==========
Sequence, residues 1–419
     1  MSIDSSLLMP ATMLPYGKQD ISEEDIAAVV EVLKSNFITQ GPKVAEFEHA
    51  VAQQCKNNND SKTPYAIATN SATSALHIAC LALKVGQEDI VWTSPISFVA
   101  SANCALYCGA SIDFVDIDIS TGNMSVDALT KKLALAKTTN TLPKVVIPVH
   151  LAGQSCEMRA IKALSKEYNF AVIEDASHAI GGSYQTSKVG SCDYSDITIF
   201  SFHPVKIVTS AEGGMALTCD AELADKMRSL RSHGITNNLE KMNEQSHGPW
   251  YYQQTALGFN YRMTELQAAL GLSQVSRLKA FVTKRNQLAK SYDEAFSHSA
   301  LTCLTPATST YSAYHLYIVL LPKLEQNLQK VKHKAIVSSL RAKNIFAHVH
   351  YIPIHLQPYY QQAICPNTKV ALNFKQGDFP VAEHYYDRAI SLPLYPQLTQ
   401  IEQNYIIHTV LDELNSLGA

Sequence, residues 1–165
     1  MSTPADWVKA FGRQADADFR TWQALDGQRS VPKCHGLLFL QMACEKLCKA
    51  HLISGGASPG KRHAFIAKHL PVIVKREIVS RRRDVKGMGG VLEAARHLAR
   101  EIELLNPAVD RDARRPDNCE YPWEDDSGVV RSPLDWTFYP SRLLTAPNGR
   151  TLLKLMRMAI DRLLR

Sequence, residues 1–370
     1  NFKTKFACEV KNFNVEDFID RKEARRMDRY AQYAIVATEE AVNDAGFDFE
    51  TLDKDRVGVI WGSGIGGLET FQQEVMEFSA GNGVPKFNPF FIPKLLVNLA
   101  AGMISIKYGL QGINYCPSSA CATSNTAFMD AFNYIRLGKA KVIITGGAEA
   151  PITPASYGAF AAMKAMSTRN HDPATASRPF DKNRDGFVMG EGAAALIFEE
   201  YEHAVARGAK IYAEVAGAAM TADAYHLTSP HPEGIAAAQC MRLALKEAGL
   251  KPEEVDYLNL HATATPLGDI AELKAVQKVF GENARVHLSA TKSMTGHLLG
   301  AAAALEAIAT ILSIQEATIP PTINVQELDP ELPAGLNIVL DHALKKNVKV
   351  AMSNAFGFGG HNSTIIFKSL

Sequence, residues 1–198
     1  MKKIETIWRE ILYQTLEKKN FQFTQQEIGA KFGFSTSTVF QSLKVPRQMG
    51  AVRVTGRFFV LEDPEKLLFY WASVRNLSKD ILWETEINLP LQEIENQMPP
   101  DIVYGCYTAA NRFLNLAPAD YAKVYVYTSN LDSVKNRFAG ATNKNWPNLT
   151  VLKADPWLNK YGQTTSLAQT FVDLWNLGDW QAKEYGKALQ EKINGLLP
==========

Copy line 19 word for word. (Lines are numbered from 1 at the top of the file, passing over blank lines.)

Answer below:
   101  AGMISIKYGL QGINYCPSSA CATSNTAFMD AFNYIRLGKA KVIITGGAEA